Environmentalists claim a win for Charlotte’s drinking water. Here’s why.

In this 2009 photo, a cloud of steam rises from a 365-foot stack at Allen Steam Station near Belmont.
In this 2009 photo, a cloud of steam rises from a 365-foot stack at Allen Steam Station near Belmont. Charlotte Observer file photo

Duke Energy has withdrawn its request to add a chemical compound at several of its coal-fired plants that curbs air pollution but appeared to have caused a 2015 spike in contaminants in Charlotte’s drinking water.

The company “proactively addressed” bromides in the Catawba River basin two years ago, company spokeswoman Erin Culbert said Monday night, “and it does not pose a concern for drinking water quality.”

The company, she said, was “very transparent about this and even participated in a news conference with Charlotte Water at the time.”

The new step the company took recently was to notify state regulators that Duke Energy would not seek to add halides – bromides are a type of halides – in its plant permits. Plants in the immediate Charlotte area include Allen Steam Station in Gaston County and Marshall Steam Station on Lake Norman, off N.C. 150 in Catawba County just west of Mooresville.

“We’d had that step reserved as an option to help enhance air quality from our plants if needed, and we’ve been able to successfully meet air quality requirements without it,” Culbert said in an email reply to the Observer.

Earlier Monday, Catawba Riverkeeper Sam Perkins said Duke Energy made the request after the Catawba Riverkeeper Foundation, represented by the Southern Environmental Law Center and joined by Clean Air Carolina, filed a lawsuit challenging the company’s requested permit “to put more cancer-causing bromide in North Carolina’s rivers and drinking water supplies.”

Perkins called Duke’s withdrawal request “a victory in protecting drinking water from a very real problem we have experienced in recent years.”

Perkins said municipalities throughout the region have struggled with meeting federal standards for trihalomethanes in treated drinking water. “Yet Duke continued to pursue permits allowing their coal-fired power plants to discharge the bromides that caused the trihalomethanes to form at such high levels,” he said.

Elevated levels of trihalomethanes – disinfection byproducts – came close to federal and state limits but did not make the water unsafe, authorities said in 2015. THMs may cause liver, kidney or central nervous system problems and may increase cancer risks.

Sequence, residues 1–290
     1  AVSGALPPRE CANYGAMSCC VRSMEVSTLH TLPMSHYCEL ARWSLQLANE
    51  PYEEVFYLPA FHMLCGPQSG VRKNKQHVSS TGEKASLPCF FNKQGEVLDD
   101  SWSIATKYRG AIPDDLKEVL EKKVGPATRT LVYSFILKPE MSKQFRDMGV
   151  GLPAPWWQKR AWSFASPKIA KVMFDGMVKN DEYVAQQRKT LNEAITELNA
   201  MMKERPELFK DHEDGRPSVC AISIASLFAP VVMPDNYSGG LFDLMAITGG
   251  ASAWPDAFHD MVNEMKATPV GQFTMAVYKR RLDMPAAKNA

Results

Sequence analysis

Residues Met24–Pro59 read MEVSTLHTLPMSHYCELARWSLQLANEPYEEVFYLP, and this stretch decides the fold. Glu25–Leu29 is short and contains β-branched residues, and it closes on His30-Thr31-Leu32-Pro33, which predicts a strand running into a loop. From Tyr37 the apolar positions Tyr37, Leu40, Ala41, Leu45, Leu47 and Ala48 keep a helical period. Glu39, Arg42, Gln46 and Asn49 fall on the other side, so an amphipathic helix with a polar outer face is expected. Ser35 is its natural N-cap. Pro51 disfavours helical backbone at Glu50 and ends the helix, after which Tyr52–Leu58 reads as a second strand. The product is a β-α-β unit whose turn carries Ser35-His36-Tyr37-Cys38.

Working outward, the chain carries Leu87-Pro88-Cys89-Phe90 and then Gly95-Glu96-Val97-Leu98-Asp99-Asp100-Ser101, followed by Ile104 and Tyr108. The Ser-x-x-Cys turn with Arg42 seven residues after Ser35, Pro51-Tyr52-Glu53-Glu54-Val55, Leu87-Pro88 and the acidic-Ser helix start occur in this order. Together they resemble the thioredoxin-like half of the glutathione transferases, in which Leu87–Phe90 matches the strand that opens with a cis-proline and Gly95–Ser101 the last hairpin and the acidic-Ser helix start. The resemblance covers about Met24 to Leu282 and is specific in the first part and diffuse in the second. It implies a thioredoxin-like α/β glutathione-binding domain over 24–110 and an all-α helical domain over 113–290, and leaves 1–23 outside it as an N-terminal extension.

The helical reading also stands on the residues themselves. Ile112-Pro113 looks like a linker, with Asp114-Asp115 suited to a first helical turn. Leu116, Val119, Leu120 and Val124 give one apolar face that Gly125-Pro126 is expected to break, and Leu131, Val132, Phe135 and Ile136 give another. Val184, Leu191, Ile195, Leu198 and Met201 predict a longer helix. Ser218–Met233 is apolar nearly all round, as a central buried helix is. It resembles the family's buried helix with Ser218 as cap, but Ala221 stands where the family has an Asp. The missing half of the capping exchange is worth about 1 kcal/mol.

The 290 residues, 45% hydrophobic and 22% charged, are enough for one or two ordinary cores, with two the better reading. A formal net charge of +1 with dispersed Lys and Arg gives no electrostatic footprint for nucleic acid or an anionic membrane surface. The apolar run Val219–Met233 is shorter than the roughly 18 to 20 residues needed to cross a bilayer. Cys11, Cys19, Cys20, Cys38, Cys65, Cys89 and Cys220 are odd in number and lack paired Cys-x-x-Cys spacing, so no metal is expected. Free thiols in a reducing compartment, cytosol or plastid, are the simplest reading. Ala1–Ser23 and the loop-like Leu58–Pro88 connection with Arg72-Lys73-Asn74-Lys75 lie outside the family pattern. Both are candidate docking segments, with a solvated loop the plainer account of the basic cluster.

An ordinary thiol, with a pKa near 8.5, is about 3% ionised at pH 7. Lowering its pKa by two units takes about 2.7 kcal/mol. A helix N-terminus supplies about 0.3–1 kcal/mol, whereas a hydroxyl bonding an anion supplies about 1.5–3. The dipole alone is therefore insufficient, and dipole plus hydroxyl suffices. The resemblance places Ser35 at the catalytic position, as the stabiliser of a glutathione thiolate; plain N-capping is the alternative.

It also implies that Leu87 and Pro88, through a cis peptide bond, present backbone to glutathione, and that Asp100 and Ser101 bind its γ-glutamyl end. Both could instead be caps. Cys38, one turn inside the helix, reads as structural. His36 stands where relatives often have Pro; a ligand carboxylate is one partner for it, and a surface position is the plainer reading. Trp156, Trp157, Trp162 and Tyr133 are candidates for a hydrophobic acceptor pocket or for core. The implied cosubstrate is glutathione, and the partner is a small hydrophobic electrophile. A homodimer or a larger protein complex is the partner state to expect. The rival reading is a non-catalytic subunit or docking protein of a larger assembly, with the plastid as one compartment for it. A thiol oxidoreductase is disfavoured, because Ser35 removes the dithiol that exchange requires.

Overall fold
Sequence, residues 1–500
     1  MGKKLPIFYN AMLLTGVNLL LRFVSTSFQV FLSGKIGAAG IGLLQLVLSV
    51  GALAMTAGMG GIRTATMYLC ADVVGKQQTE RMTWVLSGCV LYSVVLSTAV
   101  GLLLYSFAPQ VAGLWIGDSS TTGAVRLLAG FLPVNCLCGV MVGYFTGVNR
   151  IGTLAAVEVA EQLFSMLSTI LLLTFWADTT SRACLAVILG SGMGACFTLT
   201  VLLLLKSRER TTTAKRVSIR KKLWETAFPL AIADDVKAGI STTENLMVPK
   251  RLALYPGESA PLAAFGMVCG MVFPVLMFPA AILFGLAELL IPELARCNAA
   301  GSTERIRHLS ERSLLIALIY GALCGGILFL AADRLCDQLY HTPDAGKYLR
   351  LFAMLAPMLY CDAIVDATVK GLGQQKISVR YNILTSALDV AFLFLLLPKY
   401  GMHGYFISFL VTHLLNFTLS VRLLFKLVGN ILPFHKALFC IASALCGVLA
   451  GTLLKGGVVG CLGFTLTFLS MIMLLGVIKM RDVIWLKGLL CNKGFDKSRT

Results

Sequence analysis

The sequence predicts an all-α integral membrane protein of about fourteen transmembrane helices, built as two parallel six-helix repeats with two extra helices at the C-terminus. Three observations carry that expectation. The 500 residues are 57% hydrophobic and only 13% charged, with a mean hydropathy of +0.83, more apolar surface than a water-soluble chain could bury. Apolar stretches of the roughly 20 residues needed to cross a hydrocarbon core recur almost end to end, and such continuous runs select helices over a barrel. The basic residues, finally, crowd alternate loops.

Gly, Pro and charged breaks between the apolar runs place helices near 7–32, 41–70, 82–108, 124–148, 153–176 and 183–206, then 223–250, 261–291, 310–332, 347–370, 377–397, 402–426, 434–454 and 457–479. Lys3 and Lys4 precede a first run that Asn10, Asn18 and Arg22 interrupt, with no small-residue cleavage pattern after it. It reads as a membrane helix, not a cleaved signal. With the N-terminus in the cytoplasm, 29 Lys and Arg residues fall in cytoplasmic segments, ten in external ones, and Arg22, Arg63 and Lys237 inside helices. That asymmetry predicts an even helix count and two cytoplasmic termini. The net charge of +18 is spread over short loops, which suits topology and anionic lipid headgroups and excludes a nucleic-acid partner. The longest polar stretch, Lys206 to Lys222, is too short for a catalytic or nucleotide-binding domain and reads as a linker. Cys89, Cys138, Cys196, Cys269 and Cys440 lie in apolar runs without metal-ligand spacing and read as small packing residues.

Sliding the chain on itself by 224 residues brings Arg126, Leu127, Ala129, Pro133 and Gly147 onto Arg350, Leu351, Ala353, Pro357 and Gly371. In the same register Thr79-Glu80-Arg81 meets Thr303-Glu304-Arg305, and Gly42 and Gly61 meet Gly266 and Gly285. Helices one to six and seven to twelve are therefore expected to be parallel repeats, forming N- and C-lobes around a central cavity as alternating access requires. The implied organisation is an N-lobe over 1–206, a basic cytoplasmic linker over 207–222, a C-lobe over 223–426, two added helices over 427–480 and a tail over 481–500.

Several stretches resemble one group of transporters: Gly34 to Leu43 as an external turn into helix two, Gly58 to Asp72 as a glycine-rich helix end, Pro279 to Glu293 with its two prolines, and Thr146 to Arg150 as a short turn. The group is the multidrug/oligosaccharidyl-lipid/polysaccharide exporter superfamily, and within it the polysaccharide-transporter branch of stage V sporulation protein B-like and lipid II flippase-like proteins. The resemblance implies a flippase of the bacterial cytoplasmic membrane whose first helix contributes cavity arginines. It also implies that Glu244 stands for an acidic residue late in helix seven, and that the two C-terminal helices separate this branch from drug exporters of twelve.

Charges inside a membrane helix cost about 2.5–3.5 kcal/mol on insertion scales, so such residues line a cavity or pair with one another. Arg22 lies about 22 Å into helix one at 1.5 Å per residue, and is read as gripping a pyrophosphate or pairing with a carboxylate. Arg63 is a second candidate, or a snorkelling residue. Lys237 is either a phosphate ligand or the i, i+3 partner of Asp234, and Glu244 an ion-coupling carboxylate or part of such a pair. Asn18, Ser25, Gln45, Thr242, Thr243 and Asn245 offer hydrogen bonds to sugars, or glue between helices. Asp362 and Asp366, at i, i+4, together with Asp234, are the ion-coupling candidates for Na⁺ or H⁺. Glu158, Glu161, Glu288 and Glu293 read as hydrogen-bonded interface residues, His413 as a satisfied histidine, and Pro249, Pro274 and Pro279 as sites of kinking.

THM levels in drinking water began to rise in mid-2014, the Observer reported in 2015. The compounds are more likely to form as water warms.

But it was also about a year after Duke began using calcium bromide, in 2013, to wash coal at its Marshall and Allen power plants on lakes Norman and Wylie. The bromide wash reduced releases of toxic mercury into the air when coal is burned.

Bromide reacts with chlorine, which is used to disinfect drinking water, to form THMs.

Duke stopped using calcium bromide at the plants in May 2015, but the region’s drought at the time kept it from being flushed out of the lakes immediately

Duke acknowledged earlier that year that bromide releases from power plants could cause THM problems in water systems downstream.

In a $102 million settlement of federal charges over coal ash contamination, Duke agreed to set up a claims process for water utilities that felt harmed by bromide released by power plant scrubbers, which also clean air emissions.

Duke had already paid two cities that draw water downstream of its Belews Creek power plant, Eden and Madison, $2.3 million and $770,000 respectively to modify their treatment systems.

“It is incredible how extensive the impact of Duke Energy’s coal plants is on our communities and the air and water that we rely on,” June Blotnick, executive director of Clean Air Carolina, said in a joint statement with Perkins on Monday. “We cannot allow the addition of more poisonous chemicals by Duke Energy, like bromides, into the process. We all live downstream or downwind of these types of facilities, and we must be diligent in preventing any more harm to come.”

Joe Marusak: 704-358-5067, @jmarusak